. Why tempt fate when you are under a strict time constraint and only have two sticks of butter softened … just saying.
The finished dough was pretty stiff.
I used all constraint I could muster not to add some liquid and if I had had milk in the fridge that wasn’t on the verge of rancidity, I might have added a teaspoon or two … but whew! for resistance because the dough really needed to be stiff for things to work.
Loading the press with dough
was fun. For the first couple of loads, I rolled the dough in a cylinder shape and slid it into the tube as the box said … but then I got impatient and just started shoving it in with my thumbs
. Your call which method works best for you … just make sure you pack the dough tight and eliminate all air pockets.
After loading the dough, I put my desired shape template disk on the end of the tube and secured it in place with the nut-like cap
. Make sure you can read the writing on the disk
… otherwise there’s a whole lot of mess happening. Trust me.
Now pay attention here … as you can see in the right-hand picture, once you have the dough loaded, turn the knob at the end of the metal notched rod until the notches face down toward the handle
This direction is needed for the trigger to work
. Once I was locked and loaded, I began spritzing …
After a few experiments, here are the results
The cookies got baked at 350 degrees for 10 minutes
. In my oven, 10 was the magic minute threshold for ever-so-slightly brown cookie edges.
Viola! Baked and stacked to cool
cookies. Yum! Now, to add the proverbial icing on the cake!
Just a few simple lines of icing, and some pretty sugar pearls to top them off.
On the next batch I opted for … sprinkles! When all else fails, add sprinkles!
Here are all 6 dozen cookies ready for packaging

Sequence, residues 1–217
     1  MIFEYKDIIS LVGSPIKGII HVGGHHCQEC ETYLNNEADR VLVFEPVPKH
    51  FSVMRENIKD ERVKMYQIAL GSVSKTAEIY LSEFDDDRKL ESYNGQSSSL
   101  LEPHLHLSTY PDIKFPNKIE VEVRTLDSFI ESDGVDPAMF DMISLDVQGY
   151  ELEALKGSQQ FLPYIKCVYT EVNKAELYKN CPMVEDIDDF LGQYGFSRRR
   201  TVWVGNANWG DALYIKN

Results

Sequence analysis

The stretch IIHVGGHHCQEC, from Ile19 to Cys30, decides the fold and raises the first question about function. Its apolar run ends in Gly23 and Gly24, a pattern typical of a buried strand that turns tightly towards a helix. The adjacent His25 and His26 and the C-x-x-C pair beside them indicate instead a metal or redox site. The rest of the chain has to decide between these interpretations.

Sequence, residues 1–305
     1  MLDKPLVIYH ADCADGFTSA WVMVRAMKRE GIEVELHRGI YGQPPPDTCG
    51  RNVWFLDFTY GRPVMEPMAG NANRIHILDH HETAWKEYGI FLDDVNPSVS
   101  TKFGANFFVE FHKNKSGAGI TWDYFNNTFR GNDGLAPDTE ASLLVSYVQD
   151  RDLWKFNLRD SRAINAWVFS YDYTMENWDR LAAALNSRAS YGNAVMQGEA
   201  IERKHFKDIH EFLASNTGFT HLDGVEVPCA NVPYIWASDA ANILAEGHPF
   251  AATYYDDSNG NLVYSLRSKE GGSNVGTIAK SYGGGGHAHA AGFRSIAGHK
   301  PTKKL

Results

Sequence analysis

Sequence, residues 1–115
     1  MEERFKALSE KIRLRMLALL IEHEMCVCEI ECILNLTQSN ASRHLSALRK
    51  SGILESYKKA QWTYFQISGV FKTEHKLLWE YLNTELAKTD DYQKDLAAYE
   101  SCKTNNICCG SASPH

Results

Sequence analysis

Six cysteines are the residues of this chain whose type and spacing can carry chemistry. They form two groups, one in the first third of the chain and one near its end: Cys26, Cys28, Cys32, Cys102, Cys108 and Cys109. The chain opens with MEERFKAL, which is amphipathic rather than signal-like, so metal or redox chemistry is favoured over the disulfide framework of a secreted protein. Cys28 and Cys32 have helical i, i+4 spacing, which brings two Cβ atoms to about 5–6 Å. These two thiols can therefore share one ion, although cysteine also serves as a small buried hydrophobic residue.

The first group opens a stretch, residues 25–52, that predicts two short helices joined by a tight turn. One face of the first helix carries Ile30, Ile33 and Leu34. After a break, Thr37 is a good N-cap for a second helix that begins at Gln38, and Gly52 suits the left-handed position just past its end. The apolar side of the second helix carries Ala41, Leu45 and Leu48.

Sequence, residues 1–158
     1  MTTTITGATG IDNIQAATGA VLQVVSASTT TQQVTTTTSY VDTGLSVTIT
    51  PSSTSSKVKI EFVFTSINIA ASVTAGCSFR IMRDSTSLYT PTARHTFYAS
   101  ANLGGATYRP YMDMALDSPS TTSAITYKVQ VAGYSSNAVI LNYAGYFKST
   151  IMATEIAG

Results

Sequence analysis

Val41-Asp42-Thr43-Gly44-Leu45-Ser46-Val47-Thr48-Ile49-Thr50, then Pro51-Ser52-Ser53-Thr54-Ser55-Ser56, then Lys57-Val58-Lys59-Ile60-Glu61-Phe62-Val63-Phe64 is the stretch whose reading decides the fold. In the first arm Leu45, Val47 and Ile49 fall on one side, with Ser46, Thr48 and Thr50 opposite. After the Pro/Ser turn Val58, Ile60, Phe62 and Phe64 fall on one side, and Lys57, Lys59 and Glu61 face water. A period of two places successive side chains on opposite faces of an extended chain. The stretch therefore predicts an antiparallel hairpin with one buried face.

. The recipe said something about a 7 to 8 dozen yield (and maybe I would have gotten that much if there hadn’t been so much sampling going on) so just keep those numbers in mind if you need to get a very specific quantity.
Now because you dear reader know that I’m all about two-fers, I decided to kill two responsibilities at once with this cookie press adventure: a blog post and cookies for my hubs to gift to church families he visits on a monthly basis. I found these cute Wilton boxes for cookie packing
… I loved the window and especially loved the Wilton Print label feature
… whew! Less time needed at the computer!
I went to wilton.com
and found the Wilton Print button
on the left-hand side of the screen. I choose the “Use MS Word Templates”
option and then entered the stock number into the right-hand box. The template download window opened
and I followed the prompts.
I opened the label template up in MS Word, typed my info, loaded my printer with the sheet of enclosed labels and then hit the print button. Easy peasy!
Here are my finished boxes
, all ready for hubs to deliver and for you to be inspired by!
All in all, it was a fun and educational adventure. And yes, I will certainly be using it again
… can’t beat how quick you can mass produce 6 doz cookies … maybe an hour tops?
So dear reader, show Wilton some love and try the Cookie Press
. Maybe do a trial run before the Valentine’s rush hits and your kid tells you the night before that he needs 6 dozen cookies in the morning for the choir party (been there, grumbled through that). It’s an adventure worth taking!
~ Elizabeth (ekb
** No Wilton products were harmed or damaged in the making of this blog post.
Wilton Industries you’ll be pleased to know produces quality and durable goods that will stand up to even the ugliest of novice baker tantrums. You can buy with confidence that Wilton products will perform and survive even under the worst of culinary conditions : ).